The bar is dauntingly high for blaming-mom memoirs, but Augusten Burroughs’s Running With Scissors delivers its unkind cuts from a singular vantage. The narrator is an adoring gay boy who loses his Auntie Mame–ish (and bipolar) mother to the seventies, an era in which loony-tunes therapists counseled patients to act out their anger instead of learning to manage it, and to indulge their “inner children”—sometimes to the point of abandoning their families. A quarter-century on, Burroughs has learned to manage his anger. He chronicles his surreal upbringing in a voice that’s craftily deadpan, so that each outlandish revelation makes you gasp with a mixture of horror and vindictive glee. You feel at once, “Omigod, the poor helpless child” and “You are so burned, you bad mom!”
Ryan Murphy’s jaunty screen version of Running With Scissors proves that nothing consecrates one’s depiction of a narcissistic mother like having her embodied by Annette Bening. Bening’s specialties are (a) insane people and (b) actresses. No, the two aren’t synonymous, but for Bening, the two exist on a continuum. Her genius is for locating the actress within—the person struggling to translate her inchoate feelings into performance. As Deirdre Burroughs, she spreads the wings of her irradiated yellow caftan and declaims her latest unprintable confessional poem, then turns to her son, eyes shining, and asks, “Was it powerful? Was it emotionally charged?” Deirdre needs to dramatize her lifelong oppression by males, among them Augusten’s alcoholic and emotionally unavailable dad (Alec Baldwin). There’s nothing unusual about the absent-dad-overbearing-mom household: The shrinks once said it was the garden-variety gay-male-engendering environment. The source of Burroughs’s bitterness is that his mother didn’t stick around.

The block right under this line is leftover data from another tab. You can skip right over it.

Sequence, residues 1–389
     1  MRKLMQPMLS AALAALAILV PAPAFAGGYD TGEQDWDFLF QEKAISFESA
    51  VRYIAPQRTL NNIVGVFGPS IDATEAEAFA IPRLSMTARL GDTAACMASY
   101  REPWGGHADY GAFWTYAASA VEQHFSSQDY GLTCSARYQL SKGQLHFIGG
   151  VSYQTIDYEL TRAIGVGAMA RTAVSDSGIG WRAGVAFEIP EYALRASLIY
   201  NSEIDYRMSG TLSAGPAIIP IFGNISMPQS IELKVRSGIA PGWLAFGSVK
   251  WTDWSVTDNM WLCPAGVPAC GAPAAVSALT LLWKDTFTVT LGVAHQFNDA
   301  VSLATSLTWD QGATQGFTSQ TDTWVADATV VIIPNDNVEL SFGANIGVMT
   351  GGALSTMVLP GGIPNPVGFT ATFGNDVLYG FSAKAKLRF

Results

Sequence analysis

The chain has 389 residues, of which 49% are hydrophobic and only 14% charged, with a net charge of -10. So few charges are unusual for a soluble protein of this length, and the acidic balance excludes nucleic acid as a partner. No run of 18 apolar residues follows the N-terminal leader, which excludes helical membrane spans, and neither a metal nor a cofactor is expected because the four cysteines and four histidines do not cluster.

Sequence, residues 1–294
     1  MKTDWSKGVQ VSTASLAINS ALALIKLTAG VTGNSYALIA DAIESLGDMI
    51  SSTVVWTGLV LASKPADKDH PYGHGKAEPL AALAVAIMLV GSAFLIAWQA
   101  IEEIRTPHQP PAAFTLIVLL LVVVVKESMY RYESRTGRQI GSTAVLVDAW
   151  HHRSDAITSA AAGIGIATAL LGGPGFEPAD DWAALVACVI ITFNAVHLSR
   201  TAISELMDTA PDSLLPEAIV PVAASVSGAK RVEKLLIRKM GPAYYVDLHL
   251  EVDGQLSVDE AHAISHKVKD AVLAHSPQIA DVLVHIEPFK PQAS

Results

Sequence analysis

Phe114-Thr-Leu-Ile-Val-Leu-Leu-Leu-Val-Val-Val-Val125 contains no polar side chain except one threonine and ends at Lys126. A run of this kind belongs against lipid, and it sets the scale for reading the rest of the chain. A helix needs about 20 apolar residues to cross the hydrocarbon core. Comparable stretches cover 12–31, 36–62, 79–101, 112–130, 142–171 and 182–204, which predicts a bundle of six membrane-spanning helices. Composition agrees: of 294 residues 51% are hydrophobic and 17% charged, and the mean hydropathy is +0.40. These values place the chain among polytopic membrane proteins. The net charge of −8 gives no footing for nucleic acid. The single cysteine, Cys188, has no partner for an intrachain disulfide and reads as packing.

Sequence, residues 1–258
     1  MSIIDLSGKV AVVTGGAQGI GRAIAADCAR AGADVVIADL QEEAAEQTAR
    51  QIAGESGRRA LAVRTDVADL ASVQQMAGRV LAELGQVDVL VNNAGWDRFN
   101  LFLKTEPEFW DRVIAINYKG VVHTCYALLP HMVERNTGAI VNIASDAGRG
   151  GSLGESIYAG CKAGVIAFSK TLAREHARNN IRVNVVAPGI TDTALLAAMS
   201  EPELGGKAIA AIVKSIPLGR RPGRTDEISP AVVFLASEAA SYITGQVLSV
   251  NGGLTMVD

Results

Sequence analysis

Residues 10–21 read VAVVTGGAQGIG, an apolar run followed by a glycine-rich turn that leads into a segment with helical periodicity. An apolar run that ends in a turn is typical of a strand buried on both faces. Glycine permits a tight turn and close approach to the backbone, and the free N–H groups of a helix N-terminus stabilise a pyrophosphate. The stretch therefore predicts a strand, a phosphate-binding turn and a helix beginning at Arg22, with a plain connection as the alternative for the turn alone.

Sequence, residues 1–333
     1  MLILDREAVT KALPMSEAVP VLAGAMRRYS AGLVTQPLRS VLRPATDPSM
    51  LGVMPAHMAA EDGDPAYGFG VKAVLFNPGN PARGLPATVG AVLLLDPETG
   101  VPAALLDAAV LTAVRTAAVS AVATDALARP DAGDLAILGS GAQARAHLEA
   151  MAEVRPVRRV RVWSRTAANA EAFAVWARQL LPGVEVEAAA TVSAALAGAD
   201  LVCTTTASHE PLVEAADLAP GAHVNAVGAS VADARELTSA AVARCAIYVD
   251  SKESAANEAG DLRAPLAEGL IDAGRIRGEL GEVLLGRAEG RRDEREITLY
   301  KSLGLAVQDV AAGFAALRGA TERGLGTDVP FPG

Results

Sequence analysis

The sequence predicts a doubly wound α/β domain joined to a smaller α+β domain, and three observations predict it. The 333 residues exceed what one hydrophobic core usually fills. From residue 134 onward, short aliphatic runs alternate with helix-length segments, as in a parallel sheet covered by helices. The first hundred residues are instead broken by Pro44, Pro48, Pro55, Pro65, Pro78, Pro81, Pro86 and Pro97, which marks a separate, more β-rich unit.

In the film, it’s when Augusten’s bond with his fame-seeking mom is strongest—when he fantasizes he’s Deirdre giving poetry readings to packed auditoriums—that she has a particularly ghastly breakdown (the music goes out of Bening’s voice) and her psychiatrist makes a house call. Murphy shoots the arrival of Dr. Finch (Brian Cox) as if he’s Father Merrin come to exorcise Deirdre’s demons, which is cute but upside-down: Encouraging this sick woman to plumb her dark side is like making up a guest room for her demons to reside.
The director does gravitate toward the cute, but that’s in keeping with the detachment of his source: The feelings of loss and alienation are woven into the portrait of the time—into the otherworldly fluorescent seventies fashions and sitcoms in which its hero seeks escape. A director doesn’t have to melodramatize a moment like Deirdre’s parting from Augusten after depositing him in the squalid, chaotic Finch manse, with leaning towers of filthy dishes and teenagers toying with electroshock machines—a household that Gomez Addams would find unhealthily permissive. (Deirdre’s smug feminist mantras are about as apt as mad Alex’s in Fatal Attraction: Had Augusten renounced his homosexuality, Running With Scissors would make a textbook neoconservative attack on the counterculture.)
Running With Scissors would be more involving with a less distanced Finch, the therapist whose external world (mousy hunchback wife, slavish and semi-delusional older daughter, patients adopted like stray cats) expresses the disorder within. Burroughs describes a man with a reassuring, Santa Claus warmth, but Cox is a frosty actor with a gift for making you laugh at his creepy unknowability, and he inhabits a different plane altogether from Joseph Cross’s Augusten.
Augusten is a passive role, but Cross gets a lot of dramatic mileage out of his hurting blue eyes and throbbing Adam’s apple. Running With Scissors ends with its hero growing up and moving on, but it doesn’t seem finished until Murphy shows you the real Burroughs sitting side-by-side with his fictional counterpart. This coming-of-age story is cathartic only when it spells out the idea that writing a best-selling memoir is the best revenge.